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  Table of Contents  
CASE REPORT
Year : 2019  |  Volume : 10  |  Issue : 6  |  Page : 695-697  

Squamous cell carcinoma and lymph node metastasis with hypertrophic lichen planus in a 12 year old boy


1 Department of Dermatology, Christian Medical College, Vellore, Tamil Nadu, India
2 Department of Radiotherapy, Christian Medical College, Vellore, Tamil Nadu, India
3 Department of General Pathology, Christian Medical College, Vellore, Tamil Nadu, India

Date of Web Publication1-Nov-2019

Correspondence Address:
Renu George
Department of Dermatology, Christian Medical College, Vellore, Tamil Nadu
India
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Source of Support: None, Conflict of Interest: None


DOI: 10.4103/idoj.IDOJ_27_19

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   Abstract 


Hypertrophic lichen planus (HLP) is a chronic variant of lichen planus with an estimated risk of 0.4% developing squamous cell carcinoma (SCC) in later years. We report the case of a 12-year- old boy with history of hypertrophic lichen planus since 4 years of age, with malignant transformation into squamous cell carcinoma along with lymph node metastasis.

Keywords: Hypertrophic lichen planus, metastasis, squamous cell carcinoma


How to cite this article:
George A, George R, Varghese SS, Telugu RB. Squamous cell carcinoma and lymph node metastasis with hypertrophic lichen planus in a 12 year old boy. Indian Dermatol Online J 2019;10:695-7

How to cite this URL:
George A, George R, Varghese SS, Telugu RB. Squamous cell carcinoma and lymph node metastasis with hypertrophic lichen planus in a 12 year old boy. Indian Dermatol Online J [serial online] 2019 [cited 2019 Nov 12];10:695-7. Available from: http://www.idoj.in/text.asp?2019/10/6/695/270207




   Introduction Top


Hypertrophic lichen planus (HLP) is a chronic variant of lichen planus (LP) affecting the skin with an increased risk of developing squamous cell carcinoma (SCC). It presents as thick hyperkeratotic scaly plaques affecting mostly the lower extremities which can mimic SCC. The lesions can as well undergo malignant transformation.[1],[2] We report the case of a 12-year-old boy with history of HLP since 4 years of age who presented with a rapidly progressive ulcer on the right shin since 2 months. It is very uncommon in this age group, most cases being reported in adults.


   Case Report Top


A 12-year-old boy presented to us with pruritic hyperpigmented lesions on the legs since 4 years of age. There was a gradual progress in the size of lesion on the right shin with watery discharge since 4 months and ulceration since 2 months. He was treated symptomatically elsewhere with no significant improvement. Cutaneous examination showed multiple hypertrophic plaques ranging in size from 2-4 cms over both shins with central depigmentation and a peripheral margin of hyperpigmentation [Figure 1]. A large cauliflower like ulcer 7 × 9 cms in size, non-tender with everted margins and surrounding induration was present over the right shin, over a plaque of LP [Figure 2]. The vertical group of inguinal lymph nodes were enlarged, 3 × 3 cms in size, non-tender, mobile, and firm to palpation. Mucosal examination was within normal limits. A wedge biopsy was done from the ulcer along with an inguinal lymph node biopsy. Histopathology revealed a tumor arising from the overlying stratified squamous epithelium arranged in nests and trabeculae and sheets of polygonal cells with pleomorphic vesicular nuclei, dispersed chromatin and visible nucleoli. Keratin pearls were present with tumor infiltration to subcutaneous tissue along with lymphovascular, and focal perineural invasion [Figure 3]. Metastatic deposits were seen in 4 deep inguinal lymph nodes with maximum size of tumor deposit being 1 cm. The findings were consistent with moderately differentiated SCC (Grade 2) with inguinal lymph node metastasis. Histopathology of the adjacent hypertrophic skin lesion was consistent with LP. The chest X-ray was normal and CT imaging of abdomen and pelvis did not show deep nodal involvement. He was staged as T3N2M0 (Stage 4). A wide local excision of the ulcer was done with 1-1.5 cms margins on all sides according to the NCCN guidelines 2018 which recommends a margin of more than 1 cm for high risk patients.[3] A split thickness skin grafting and right ilioinguinal block dissection was also done. The wound site healed rapidly and patient was initiated on local and regional radiotherapy in view of high risk features. He received 60 Gy in 30 fractions over 6 weeks for right inguinal node metastasis. A total of 48 Gy in 16 fractions with surface mold brachytherapy was offered to the right lower leg as well. He was also started on acitretin 10 mg daily for HLP. The ulcer was healing on follow up at 3 months and there were no new LP lesions [Figure 4].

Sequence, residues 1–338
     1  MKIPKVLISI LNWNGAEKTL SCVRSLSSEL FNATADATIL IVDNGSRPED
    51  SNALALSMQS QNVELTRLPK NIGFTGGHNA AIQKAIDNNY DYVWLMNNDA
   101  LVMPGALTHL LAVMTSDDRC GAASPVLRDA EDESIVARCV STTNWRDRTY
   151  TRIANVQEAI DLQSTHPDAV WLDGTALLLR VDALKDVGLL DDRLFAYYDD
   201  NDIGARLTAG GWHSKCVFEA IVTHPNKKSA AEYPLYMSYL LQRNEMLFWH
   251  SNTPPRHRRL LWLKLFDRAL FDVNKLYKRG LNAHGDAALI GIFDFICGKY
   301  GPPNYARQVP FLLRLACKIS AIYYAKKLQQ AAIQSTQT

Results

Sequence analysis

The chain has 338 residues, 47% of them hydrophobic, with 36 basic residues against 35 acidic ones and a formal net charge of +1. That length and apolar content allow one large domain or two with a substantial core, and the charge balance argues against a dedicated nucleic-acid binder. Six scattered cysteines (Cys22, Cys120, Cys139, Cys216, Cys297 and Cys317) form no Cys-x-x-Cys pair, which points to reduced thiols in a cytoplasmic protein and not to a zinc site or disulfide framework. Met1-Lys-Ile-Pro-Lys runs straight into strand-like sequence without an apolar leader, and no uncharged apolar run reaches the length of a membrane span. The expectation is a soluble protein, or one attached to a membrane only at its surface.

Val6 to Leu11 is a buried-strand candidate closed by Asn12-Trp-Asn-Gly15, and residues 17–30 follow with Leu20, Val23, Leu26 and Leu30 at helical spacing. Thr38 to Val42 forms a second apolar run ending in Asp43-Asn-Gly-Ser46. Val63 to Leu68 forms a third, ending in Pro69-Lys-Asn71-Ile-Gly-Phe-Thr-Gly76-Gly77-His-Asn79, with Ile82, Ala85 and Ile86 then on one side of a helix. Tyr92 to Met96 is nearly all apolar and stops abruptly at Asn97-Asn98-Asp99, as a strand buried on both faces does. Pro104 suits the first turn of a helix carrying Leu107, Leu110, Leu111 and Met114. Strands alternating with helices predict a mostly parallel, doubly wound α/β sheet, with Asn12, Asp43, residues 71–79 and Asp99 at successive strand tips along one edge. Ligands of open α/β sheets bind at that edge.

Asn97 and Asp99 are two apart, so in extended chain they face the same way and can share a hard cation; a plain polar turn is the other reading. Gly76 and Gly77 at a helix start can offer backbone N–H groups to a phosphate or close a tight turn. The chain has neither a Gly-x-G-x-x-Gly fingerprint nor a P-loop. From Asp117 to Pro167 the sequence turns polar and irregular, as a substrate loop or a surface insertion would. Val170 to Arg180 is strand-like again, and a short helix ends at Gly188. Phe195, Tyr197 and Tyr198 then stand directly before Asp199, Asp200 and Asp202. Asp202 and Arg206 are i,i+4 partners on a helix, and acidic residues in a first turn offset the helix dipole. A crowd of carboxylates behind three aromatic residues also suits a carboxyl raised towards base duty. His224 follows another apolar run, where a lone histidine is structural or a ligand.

Figure 1: Hypertrophic plaques on the left shin with central depigmentation and a peripheral rim of hyperpigmentation

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Figure 2: Cauliflower like ulcer with everted margins and surrounding induration on the right shin over a plaque of lichen planus